Clearly, understanding the existence and/or limits of bank scale economies is once again important for forming public policy. But the nature of this inquiry is different from the deregulatory questions of the 1980s and 1990s. First, policymakers and researchers are now interested only in scale economies at the very largest banks, not at banks of all sizes. Second, policymakers now need to know whether any resulting efficiencies are substantial enough to justify living with the social costs and macroeconomic risks posed by these newly enormous firms.
Despite the hard and often ingenious work of my colleagues in the bank scale economy field, I am not optimistic that this line of research will generate the answers needed this time around. Why not? The standard approaches to measuring scale economies are the least accurate for precisely those firms most relevant to the question at hand: the very largest banking companies.
It is well-known that the statistical techniques employed to measure scale economies in any industry deliver the most accurate estimates for “average” companies in that industry; for firms that are substantially smaller or larger than average, estimates grow increasingly less precise. This characteristic is especially problematic for the banking industry, due to the drastically skewed size distribution of its firms. As of March 2010, the three largest banking companies (mentioned above) each had assets of over $2 trillion, 10 times larger than the 13th-largest banking company, Bank of New York Mellon, with assets of $220 billion. They were 100 times larger than the 43rd-largest bank, BOK Financial of Tulsa, Okla., with assets of $23 billion. Because of these dramatic size differences, statistical estimates of scale economies among large banks can be quite sensitive to the good or bad financial fortunes of just one or two of these largest banks.
A second problem arises because the largest banks operate quite differently than small and medium-sized banks; that is, they differ in kind, not just size. But because most of the available data come from the thousands of small and medium banks, bank scale economy models are based on the business processes most often used by these banks. This segment of the industry relies predominantly on traditional banking approaches: holding illiquid loans, issuing liquid deposits to finance those loans and earning profits chiefly from the resulting interest margin. But the very largest banking companies produce financial services quite differently. They rely less on deposits and more on short-term market financing, they sell many of their loans rather than hold them, and they earn a substantial portion of their profits from customer fees rather than interest margins. Using models built around smaller bank production processes to describe the relative efficiency of large banking companies can be misleading.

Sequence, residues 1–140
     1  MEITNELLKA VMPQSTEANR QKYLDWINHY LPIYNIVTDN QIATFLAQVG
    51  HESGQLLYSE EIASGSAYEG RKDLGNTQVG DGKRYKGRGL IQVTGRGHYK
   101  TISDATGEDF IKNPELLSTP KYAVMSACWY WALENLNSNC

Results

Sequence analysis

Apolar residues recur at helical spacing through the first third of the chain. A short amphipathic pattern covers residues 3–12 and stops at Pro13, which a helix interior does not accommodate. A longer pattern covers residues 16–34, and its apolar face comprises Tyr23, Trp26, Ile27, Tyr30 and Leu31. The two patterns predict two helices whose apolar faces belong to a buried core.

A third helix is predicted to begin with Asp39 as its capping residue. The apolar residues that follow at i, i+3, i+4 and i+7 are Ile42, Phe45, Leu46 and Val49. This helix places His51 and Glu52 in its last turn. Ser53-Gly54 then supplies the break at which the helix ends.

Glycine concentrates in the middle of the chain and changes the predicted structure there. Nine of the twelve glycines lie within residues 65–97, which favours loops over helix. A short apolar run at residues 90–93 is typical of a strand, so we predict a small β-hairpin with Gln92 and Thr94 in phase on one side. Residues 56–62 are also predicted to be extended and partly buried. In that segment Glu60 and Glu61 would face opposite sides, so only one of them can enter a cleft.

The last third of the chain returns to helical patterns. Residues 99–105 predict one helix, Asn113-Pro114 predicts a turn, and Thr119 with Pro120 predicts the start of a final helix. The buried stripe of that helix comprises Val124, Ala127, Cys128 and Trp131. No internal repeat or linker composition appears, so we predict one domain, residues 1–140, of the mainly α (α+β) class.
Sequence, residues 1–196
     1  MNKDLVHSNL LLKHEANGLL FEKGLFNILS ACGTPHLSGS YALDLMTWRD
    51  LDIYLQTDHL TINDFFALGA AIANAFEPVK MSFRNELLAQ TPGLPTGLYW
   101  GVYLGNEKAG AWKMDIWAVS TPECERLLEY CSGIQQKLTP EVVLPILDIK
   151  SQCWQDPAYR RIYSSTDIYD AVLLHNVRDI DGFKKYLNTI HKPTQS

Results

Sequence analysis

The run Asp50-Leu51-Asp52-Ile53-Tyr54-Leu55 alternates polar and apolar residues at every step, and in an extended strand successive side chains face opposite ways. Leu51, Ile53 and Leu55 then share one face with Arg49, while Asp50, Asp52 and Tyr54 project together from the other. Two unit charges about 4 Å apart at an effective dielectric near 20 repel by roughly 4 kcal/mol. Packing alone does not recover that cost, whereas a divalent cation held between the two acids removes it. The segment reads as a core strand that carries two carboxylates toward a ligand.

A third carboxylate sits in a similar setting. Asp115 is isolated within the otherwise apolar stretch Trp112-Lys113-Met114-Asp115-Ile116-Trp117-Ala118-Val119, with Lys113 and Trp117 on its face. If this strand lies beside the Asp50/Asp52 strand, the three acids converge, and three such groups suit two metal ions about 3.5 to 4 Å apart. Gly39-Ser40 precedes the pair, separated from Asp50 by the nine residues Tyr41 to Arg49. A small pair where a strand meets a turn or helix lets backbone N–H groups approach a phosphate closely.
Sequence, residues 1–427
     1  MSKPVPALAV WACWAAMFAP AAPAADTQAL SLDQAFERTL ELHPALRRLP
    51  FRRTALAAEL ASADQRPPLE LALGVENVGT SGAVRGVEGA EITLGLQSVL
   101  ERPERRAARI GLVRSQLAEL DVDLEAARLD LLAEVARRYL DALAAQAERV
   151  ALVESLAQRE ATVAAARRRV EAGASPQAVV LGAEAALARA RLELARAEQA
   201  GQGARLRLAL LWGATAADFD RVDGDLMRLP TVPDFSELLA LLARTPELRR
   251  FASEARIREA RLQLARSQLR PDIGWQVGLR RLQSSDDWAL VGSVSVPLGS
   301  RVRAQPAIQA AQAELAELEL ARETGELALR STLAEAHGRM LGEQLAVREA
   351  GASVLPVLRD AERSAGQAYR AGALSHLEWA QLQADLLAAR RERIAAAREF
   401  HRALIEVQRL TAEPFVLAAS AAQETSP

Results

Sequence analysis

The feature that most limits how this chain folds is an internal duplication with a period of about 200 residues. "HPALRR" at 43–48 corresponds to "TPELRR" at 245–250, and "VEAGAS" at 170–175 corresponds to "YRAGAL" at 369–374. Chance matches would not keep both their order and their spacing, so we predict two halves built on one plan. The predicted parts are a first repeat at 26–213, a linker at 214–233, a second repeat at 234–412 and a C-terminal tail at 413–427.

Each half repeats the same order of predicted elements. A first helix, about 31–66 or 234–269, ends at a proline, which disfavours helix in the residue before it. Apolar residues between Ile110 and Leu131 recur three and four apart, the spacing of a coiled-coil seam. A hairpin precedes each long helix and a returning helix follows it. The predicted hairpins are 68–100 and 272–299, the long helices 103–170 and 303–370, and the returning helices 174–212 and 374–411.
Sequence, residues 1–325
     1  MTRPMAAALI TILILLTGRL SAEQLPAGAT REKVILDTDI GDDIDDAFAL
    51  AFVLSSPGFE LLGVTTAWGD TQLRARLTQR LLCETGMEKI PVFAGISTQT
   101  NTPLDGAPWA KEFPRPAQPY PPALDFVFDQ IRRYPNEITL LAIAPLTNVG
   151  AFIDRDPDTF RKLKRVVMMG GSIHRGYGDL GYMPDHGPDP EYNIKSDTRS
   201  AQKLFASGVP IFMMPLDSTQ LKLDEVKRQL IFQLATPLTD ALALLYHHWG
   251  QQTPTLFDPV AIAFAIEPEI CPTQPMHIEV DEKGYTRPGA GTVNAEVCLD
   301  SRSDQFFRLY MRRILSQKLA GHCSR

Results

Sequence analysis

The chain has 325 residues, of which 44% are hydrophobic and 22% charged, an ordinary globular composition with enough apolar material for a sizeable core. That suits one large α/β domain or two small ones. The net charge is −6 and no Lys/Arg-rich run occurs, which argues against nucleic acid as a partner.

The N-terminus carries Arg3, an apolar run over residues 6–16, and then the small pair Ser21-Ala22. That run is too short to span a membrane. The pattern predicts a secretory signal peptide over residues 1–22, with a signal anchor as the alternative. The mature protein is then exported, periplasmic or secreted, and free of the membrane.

These methodological deficiencies did not prevent scale economy studies from usefully informing the deregulation debate of the 1980s and 1990s. Geographic deregulation was relevant for banks of all sizes and, at that time, bank production processes were still pretty similar for large and small banks. But these issues may be debilitating in today’s debate over reregulating the largest banking companies—while scale economies might exist for these banking giants, we cannot be sure because measuring these phenomena stretches our analytic tools to, and perhaps beyond, their limits.
Perhaps there is a simpler way. Rather than estimating complex models of bank scale economies, could we simply depend on the market to reveal the best size for banks?
The argument goes like this: The fact that banks have grown increasingly large over time is prima facie evidence that scale economies exist for even the largest banks. If this were not the case, managers of large banks would be operating inefficiently large firms, and their ill-served shareholders would attribute lower profits to diseconomies of scale and sell their shares. Investors would purchase, pull apart and reallocate the assets of these firms.2 Thus, market discipline would ensure that banks would exhibit the most profitable range of sizes and other attributes.